MADRID, 23 (EUROPA PRESS)
Astronomers at the Cosmic Dawn Center at the University of Copenhagen have discovered two previously invisible galaxies in the more distant universe.
The light from these two invisible galaxies, which have been named REBELS-12-2 and REBELS-29-2, has traveled around 13 billion years to reach us.
Their discovery suggests that up to one in five galaxies this far away remain hidden from our telescopes, camouflaged by cosmic dust. The new knowledge changes perceptions of the evolution of our universe since the Big Bang.
The two galaxies have been invisible to the optical lens of the Hubble Space Telescope. But with the help of the giant ALMA (Atacama Large Milimeter Array) radio telescopes in the Atacama Desert of Chile, which can capture radio waves emitted from the coldest and darkest depths of the universe, the two invisible galaxies suddenly appeared.
“We were looking at a sample of very distant galaxies, which we already knew existed from the Hubble Space Telescope. And then we noticed that two of them had a neighbor that we didn’t expect to be there at all. Since both the neighboring galaxies are surrounded by dust, part of their light is blocked, making them invisible to Hubble, “Associate Professor Pascal Oesch of the Cosmic Dawn Center of the Niels Bohr Institute explains in a statement.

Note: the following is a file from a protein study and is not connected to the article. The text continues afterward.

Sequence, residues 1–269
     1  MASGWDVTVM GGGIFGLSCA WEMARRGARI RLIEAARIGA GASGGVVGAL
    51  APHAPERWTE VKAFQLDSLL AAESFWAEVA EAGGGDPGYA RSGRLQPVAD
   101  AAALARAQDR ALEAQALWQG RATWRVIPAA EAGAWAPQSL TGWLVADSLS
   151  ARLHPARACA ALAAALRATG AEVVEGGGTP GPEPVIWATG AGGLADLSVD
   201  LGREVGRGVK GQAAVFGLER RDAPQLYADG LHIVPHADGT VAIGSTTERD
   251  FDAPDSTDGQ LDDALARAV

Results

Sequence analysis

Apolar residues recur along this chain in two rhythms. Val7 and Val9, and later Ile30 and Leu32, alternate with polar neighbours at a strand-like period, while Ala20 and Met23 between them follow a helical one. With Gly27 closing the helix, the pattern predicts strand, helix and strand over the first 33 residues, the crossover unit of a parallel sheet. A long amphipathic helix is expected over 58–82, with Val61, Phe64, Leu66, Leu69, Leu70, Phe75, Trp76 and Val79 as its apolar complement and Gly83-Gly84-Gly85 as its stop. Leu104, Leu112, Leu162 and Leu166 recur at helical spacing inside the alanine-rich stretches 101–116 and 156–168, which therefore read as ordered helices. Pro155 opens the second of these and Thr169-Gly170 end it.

The new discovery, published in Nature, suggests that the early universe contains many more galaxies than previously assumed. They simply hide behind the dust that consists of tiny particles of stars. However, they can now be detected thanks to the highly sensitive ALMA telescope and the method used by the researchers.
By comparing these new galaxies with previously known sources in the early universe, roughly 13 billion years ago, the researchers estimate that between 10 and 20 percent of such early galaxies may still remain hidden behind curtains of cosmic dust.
“Our discovery shows that up to one in five of the first galaxies may have been missing from our map of the heavens. Before we can begin to understand when and how galaxies in the Universe formed, we first need proper accounting,” he says Pascal Oesch.
To help with that task, the Webb telescope – to be launched in late December – will look even more deeply at the universe and contribute new insights into its origins. This, among many other things, will help Cosmic Dawn researchers at the Niels Bohr Institute see through cosmic dust.
“The next step is to identify the galaxies that we miss, because there are many more than we think. That is where the James Webb telescope will be a big step forward. It will be much more sensitive than Hubble and will be able to investigate longer wavelengths. , which should allow us to see these hidden galaxies with ease, “says Pascal Oesch.
“We are trying to piece together the great puzzle about the formation of the universe and answer the most basic question: ‘Where is all this coming from?’ The invisible galaxies that we have discovered in the early universe are some of the first building blocks of the mature galaxies that we see around us in the Universe today. So that’s where it all started, “he added.